A new alliance aims to help potentially at-risk Dubuque-area high school students create sustainable careers. Find out how it works.
Health issues kept Shawn Klinkhammer in the hospital’s neonatal intensive care unit for his first 10 days.
He missed several infant milestones.
And while the health issues eventually subsided, school never came easy for Shawn. Especially math. And he was set up with an Individualized Education Program to try to meet his learning needs.
Through it all, Shawn worked hard. His teachers always said as much. But he was still struggling—both academically and socially.
“By his first semester of his sophomore year, he became very discouraged. And I became scared he would drop out of school,” said his mom, Shelly Klinkhammer, of Dubuque. “We knew he was never going to go on to college. But he needed to develop some kind of skillset to make him employable for the future.”
What happened next, Shawn’s family believes, was nothing short of a miracle.
‘This program has opened up doors for his future’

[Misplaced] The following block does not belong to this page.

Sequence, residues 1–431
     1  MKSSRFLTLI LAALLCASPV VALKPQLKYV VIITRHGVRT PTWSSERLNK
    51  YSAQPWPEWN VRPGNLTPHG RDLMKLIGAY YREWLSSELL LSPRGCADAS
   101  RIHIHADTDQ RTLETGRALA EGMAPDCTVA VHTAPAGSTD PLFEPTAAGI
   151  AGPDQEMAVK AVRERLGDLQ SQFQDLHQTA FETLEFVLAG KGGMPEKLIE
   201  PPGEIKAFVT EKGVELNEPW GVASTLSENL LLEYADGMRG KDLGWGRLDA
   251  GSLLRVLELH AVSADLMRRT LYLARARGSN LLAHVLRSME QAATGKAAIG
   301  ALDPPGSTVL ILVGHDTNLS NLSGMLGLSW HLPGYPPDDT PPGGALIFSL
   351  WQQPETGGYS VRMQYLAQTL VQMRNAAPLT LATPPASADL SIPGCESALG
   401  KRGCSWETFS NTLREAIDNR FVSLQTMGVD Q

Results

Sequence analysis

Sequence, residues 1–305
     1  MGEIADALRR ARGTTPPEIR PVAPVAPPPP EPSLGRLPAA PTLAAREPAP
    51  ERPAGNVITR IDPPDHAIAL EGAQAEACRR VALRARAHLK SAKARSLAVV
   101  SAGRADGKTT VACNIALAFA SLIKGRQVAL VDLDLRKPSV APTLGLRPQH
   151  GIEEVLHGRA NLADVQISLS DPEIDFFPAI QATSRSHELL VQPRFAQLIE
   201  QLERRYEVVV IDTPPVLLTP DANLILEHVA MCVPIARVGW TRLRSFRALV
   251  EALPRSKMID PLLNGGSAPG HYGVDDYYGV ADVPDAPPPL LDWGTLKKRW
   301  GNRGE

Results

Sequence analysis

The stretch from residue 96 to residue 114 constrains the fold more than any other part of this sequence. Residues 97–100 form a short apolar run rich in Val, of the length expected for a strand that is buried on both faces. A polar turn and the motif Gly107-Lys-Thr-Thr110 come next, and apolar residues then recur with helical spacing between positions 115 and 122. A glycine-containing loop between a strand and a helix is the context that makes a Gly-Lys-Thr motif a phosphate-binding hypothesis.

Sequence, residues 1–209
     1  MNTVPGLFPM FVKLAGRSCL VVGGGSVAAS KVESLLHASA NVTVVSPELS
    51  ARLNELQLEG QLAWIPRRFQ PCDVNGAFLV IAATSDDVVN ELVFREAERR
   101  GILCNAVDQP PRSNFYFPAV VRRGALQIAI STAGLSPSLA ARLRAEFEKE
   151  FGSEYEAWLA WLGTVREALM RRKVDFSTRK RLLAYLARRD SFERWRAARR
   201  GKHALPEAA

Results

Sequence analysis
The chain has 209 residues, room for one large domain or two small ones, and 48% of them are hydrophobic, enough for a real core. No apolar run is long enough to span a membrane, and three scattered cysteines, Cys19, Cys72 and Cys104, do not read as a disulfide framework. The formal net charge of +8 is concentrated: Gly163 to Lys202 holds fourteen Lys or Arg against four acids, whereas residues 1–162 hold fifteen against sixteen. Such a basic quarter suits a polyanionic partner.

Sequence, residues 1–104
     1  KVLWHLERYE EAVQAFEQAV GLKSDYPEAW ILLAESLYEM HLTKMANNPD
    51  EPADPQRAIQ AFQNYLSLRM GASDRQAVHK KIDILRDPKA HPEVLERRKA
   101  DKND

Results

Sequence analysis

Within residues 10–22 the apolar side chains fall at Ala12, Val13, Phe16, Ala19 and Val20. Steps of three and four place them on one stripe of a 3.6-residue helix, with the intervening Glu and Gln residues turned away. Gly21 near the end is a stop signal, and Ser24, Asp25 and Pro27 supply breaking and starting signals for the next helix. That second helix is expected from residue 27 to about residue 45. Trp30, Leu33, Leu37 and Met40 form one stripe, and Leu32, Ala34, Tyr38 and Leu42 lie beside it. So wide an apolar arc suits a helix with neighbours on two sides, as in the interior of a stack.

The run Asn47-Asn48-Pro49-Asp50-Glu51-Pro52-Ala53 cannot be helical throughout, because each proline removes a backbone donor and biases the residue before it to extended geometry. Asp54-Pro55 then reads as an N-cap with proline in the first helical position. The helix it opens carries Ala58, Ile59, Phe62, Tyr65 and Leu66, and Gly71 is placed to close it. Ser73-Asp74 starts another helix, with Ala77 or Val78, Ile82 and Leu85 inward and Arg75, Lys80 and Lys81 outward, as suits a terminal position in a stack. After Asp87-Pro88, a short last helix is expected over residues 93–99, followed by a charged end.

The Klinkhammers learned about the Housing Education and Rehabilitation Training Program. It teaches trade skills, through hands-on revitalization projects, to students who are at risk of dropping out of high school.
And through a partnership between HEART, Dupaco Community Credit Union and the Dupaco R.W. Hoefer Foundation, participants gain access to financial education, a stipend for their work, a Dupaco savings account and matched funds to use toward career equipment or a certificate or degree program.
Shawn applied and was accepted into the program.
Almost instantly, Shelly’s need to regularly touch base with her son’s teachers dissipated. Shawn started developing friendships. His homework became more manageable. And during his time at job sites, he discovered that he liked working with his hands.
“I never thought I would do construction work. But I developed something I really like to do, something I’m really passionate about,” he said. “When you paint a room by yourself, you can look back and think, ‘I did that myself.’ It’s satisfying.”
After two years in the HEART program, Shawn graduated and earned his diploma in January.
Along the way, he saved and will receive matching funds from the Foundation that can be put toward his future endeavors.
“For me as a parent, this program has opened up doors for his future that may have never been possible,” Shelly said. “I still thank God every day that he was one of the kids that got into this program.”